> poplog image. Or would it?

I would say a collection of autoloadable or explicitly loadable
libraries would suffice, based on the sort of model I have been using
for the "extras" at the poplog site. There's too much in gsl to compile
into the standard image, though saved images could be used for
frequently used subsets. (However as disks, and CPUs get faster the need
for saved images reduces: things that used to take minutes to compile
now compile in seconds. E.g. I started pop-11 and did
    lib prolog

It compiled the prolog compiler and then reported (on a shared 450 Mhz
ultrasparc)

;;; PROLOG COMPILED, TIME = 1.01 seconds

Remember how long that took in the mid 80s? Compiling the whole of
Poplog Common Lisp takes about 6.5 seconds on a Dell 400 mhz celeron
laptop running linux.

The model I use for libraries works as follows:

A new library foolib contains in the directory foolib, sub-directories auto,
lib, teach, help, ref (or some subset) and a "startup" file
    foolib/foolib.p
which is linked to
    $poplocal/local/lib/foolib.p

Then, if a user does

    uses foolib.p

That compiles the file foolib/foolib.p which works out where it is (because
the pop11 compiler sets the path name of the file to popfilename). Then
foolib.p uses the directory name to work out the path names for the
sub-directories, and then uses "extend_searchlist" to extend some or all
of these search lists:

    popautolist
    popuseslist
    vedteachlist
    vedhelplist
    vedreflist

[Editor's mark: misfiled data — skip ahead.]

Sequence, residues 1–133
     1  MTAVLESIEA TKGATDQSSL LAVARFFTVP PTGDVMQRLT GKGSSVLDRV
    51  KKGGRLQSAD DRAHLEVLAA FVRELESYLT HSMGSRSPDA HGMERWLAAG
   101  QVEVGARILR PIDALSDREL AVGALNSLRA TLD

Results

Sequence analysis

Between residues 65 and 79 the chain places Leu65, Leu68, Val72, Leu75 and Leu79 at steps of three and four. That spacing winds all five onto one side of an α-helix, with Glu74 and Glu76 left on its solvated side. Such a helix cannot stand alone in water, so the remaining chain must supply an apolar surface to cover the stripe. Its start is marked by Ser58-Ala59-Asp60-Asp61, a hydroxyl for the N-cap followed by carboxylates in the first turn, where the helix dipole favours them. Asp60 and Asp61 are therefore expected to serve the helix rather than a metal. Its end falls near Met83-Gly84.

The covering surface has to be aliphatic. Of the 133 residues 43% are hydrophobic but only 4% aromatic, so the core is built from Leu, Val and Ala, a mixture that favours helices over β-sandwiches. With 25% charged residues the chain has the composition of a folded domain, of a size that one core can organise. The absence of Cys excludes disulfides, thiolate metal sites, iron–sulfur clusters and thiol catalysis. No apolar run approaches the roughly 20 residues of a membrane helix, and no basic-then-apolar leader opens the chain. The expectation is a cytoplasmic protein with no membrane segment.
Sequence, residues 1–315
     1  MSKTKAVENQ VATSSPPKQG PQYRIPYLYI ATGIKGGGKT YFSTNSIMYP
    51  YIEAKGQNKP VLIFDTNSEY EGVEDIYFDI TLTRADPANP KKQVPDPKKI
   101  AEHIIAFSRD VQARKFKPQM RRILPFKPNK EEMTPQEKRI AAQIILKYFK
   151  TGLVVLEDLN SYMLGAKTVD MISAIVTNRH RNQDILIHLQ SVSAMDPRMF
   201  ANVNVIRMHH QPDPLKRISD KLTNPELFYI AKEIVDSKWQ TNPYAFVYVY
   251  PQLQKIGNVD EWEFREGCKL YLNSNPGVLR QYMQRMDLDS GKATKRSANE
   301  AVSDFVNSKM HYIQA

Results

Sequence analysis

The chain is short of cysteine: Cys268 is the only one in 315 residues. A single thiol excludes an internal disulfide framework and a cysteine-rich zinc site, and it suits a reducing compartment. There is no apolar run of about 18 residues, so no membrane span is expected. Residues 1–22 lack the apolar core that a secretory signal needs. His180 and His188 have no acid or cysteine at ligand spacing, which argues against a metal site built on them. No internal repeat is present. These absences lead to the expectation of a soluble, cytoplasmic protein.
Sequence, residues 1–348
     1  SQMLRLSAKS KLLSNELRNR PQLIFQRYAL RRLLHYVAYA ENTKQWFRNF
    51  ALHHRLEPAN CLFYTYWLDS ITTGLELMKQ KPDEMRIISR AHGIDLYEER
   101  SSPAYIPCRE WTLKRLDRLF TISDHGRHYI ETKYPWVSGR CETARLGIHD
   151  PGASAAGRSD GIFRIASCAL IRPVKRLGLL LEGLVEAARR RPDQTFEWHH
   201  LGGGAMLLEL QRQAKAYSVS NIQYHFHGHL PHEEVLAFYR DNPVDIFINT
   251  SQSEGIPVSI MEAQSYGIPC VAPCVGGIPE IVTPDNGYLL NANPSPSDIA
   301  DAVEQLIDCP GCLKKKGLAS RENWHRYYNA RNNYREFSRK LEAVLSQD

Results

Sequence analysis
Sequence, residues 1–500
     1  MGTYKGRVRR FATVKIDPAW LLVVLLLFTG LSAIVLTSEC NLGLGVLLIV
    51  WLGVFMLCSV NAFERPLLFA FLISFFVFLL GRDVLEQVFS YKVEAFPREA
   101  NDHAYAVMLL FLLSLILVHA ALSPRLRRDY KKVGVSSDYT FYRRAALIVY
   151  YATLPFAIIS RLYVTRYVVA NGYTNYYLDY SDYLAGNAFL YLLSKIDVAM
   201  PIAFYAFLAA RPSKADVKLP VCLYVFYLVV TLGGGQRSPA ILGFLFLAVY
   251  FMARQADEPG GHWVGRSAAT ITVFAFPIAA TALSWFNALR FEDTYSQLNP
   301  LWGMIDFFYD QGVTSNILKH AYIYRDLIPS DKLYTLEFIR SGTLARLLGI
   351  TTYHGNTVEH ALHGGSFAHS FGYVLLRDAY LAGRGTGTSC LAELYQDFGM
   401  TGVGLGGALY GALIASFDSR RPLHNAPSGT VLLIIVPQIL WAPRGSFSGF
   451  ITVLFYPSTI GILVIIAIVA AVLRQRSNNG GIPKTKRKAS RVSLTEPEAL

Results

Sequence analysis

(The first two have functionality a bit like $PATH in unix, and the last
three are a bit like $MANPATH).

At that point all the libraries that have been added to popautolist
become autoloadable, all those in popuseslist become available via
"uses" or "lib", the help, teach, and ref commands will find the
documentation, and the showlib command can be used to browse libraries
in foolib/auto/ and foolib/lib/

(Some of the libraries are a bit more flexible in that they allow the
user to specify a different directory to put on search lists, via an
environment variable or a pop11 variable. this makes it easier to have
two versions of a library installed simultaneously, e.g. a new trial
version and an old version. Many "package" systems make this difficult
or impossible.)

For an example of a file that extends the search lists, see the one used
for poprulebase:

    http://www.cs.bham.ac.uk/research/poplog/prb/prblib.p

To prevent name clashes between libraries that users may wish to combine
I use systematic prefixes for file names and global identifiers. E.g.
Poprulebase uses prb_, RCLIB uses rc_, sim_agent uses sim_, etc.

People who define useful extensions with nice short readable, mnemonic
names are asking for trouble: such names are very likely to be used by
someone else for a different purpose. (E.g. the syntax word "instance"
in Objectclass made it impossible to compile Common Lisp, until I
removed the clash by changing some Common lisp internal identifiers.)

[JLC continued]

Quote:
> And after that, then what?

> I may be being naive here, particularly since I know nothing about
> the problems the poplog development team had in interfacing to
> the X Window System. But X is an Abomination, and is Not Nice (as
> a collection of code). I defy anyone to claim otherwise.

That's why I am so glad I was not left to produce my own low level
interfaces to it in order to produce graphical tools that work on
solaris, linux, digital unix, etc.

Quote:
> Presumably GSL is not an Abomination. (If it is, why would we want
> to use it?)

(Lots of abominations are very widely used, as you know well.)

Quote:
> Oh, and does GSL include code for solving LP problems (Linear